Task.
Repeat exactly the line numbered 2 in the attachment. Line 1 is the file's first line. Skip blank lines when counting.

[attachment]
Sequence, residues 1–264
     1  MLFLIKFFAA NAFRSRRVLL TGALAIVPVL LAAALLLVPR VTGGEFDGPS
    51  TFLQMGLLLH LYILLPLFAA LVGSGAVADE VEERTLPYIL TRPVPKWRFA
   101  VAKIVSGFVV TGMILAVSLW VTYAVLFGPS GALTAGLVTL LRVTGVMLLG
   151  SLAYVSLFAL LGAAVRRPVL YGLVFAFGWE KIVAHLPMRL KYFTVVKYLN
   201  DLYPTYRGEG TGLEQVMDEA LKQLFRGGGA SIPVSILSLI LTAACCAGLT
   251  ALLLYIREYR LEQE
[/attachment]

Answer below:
     1  MLFLIKFFAA NAFRSRRVLL TGALAIVPVL LAAALLLVPR VTGGEFDGPS